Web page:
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No. 18
Hello once again, huge storms recently, garden wet, and I think lightning was close to home. Returned from a snake training course in Bunbury with vivid flashes in the sky all the way. Then to find a blown router in the office so a bit of disruption getting back online! Fortunately everything else was ok. This maybe the last newsletter before Christmas, I'll see if I get time – hope you enjoy this one.
Looked this one up and I think it is a South-western Blind Snake Ramphotyphlops australis. This blind snake was found in Hamersley a north Perth suburb. At first glance it looks like a big worm, but on closer inspection you can see the forked tongue.

They live mainly below ground and may be found after rain or when clearing leaf litter, wood piles and other cover. The eyes are present but are very basic allowing the snake to see little more than light or dark – or so scientists think. They are completely harmless and feed underground on ants, termites and their larvae and eggs.

Do send in pictures if you see anything unusual like this in your backyard.

Southwestern blind snake (Ramphotyphlops australis). Photo Hamersley
The scorching midday sunshine in the Sahara desert becomes unbearable and many insects die in the blistering heat. For the Saharan Desert Ant Cataglyphis bicolor this means it's lunchtime. The ant, protected by its shaded burrow, chooses the hottest part of the day to emerge and feed on the recently deceased before any other scavengers can find them.

They also move very fast at around 1 meter per second. At temperatures of up to 70°C the Saharan Desert Ant can forage for food and thus get an advantage over less heat tolerant species.

Several other related species are also known to tolerate extreme temperatures and yes one of them Melophorus sp is found in central Australian deserts.

Saharan desert ant (Cataglyphis bicolor) head. Photo © April Nobile,

Melophorus ant australia. Photo Visuals Unlimited NPL

Professor Andrew Parker of the Natural History Museum London (my most favourite building in the world) has managed to grow a butterfly wing in the lab. He managed to grow - using embryonic wing scales - the whole wing of a Blue Morpho butterfly.

This species has tiny scales on the wing that refract light somewhat like a prism to give it a vivid colouration. The hope is that this technique could be used in paints and cosmetics bringing us extra bright electric colours.

Blue morpho butterfly. Photo © Natural History Museum -
A new World Wildlife Fund report shows just how many threatened species and habitats we have in Australia. It calls for more government effort to create a network of reserves to protect biodiversity and to prohibit mining in areas already under protection.

According to WWF's most recent findings some 138 plants and animal species are listed as threatened with extinction in this country. They include the Northern Hairy-nosed Wombat, the Green Sawfish and Major Mitchells Cockatoo.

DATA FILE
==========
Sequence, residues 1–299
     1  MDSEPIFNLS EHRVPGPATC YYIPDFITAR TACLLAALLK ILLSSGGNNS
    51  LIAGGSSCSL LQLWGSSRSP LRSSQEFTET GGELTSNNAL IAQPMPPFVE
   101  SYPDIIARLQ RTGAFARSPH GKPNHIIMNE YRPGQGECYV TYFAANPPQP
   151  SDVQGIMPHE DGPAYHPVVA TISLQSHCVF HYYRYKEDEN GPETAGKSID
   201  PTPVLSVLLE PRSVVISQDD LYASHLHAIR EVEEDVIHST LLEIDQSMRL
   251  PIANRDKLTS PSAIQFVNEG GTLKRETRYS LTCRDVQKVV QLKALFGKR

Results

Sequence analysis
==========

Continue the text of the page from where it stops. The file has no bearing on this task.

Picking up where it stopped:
Let's hope we get it together and protect more habitat in this country. What can you do?? Simply planting native species in your garden helps provide food and habitat for some of our more common species. Over the last few years I have been gradually planting natives in my garden and it feels good when Black Cockatoos are seen feeding in our own back yard and different species of skink appear in the leaf litter. We can all do a little bit don't you think?

Northern hairy nosed wombat. Photo Jade Flickr/
The Reticulated Python Python reticulatus – the longest snake in the world - has recently been confirmed as a parthenogenic reptile. Parthenogenesis is a form of asexual reproduction in which growth and development of embryos occur without fertilization. Parthenogenesis is known in some invertebrates like scorpions and bees, but is rare in vertebrates - a few fish, sharks and reptiles the like of Komodo Dragons and a few snakes are known to share this ability.

At Louisville Zoo in Kentucky their 6 metre Reticulated Python laid a clutch of 61 eggs but keepers initially assumed they were infertile as she has not had any male company and it is not unusual for snakes to lay unfertile eggs. However, when keepers removed the eggs it appeared that some looked full and healthy so the decision was made to incubate a few to ascertain whether they were in fact fertile.

Six babies snakes emerged from their eggs, which stunned the keepers. So some shed skins of both mum and babies were sent to a lab for genetic analysis. Those tests confirmed that the offspring were produced by the mother alone, without male sperm.

Reticulated python. Photo Kyle Shepherd, Louisville zoo
When the US Forest Service set out to investigate the death of a large group of trees in a National Forest in Oregon, they discovered and then studied the most likely culprit. Enter the edible and parasitic Honey Fungus Armillaria solidipes. It's considered a pest by many gardeners as they colonize and kill trees and woody plants.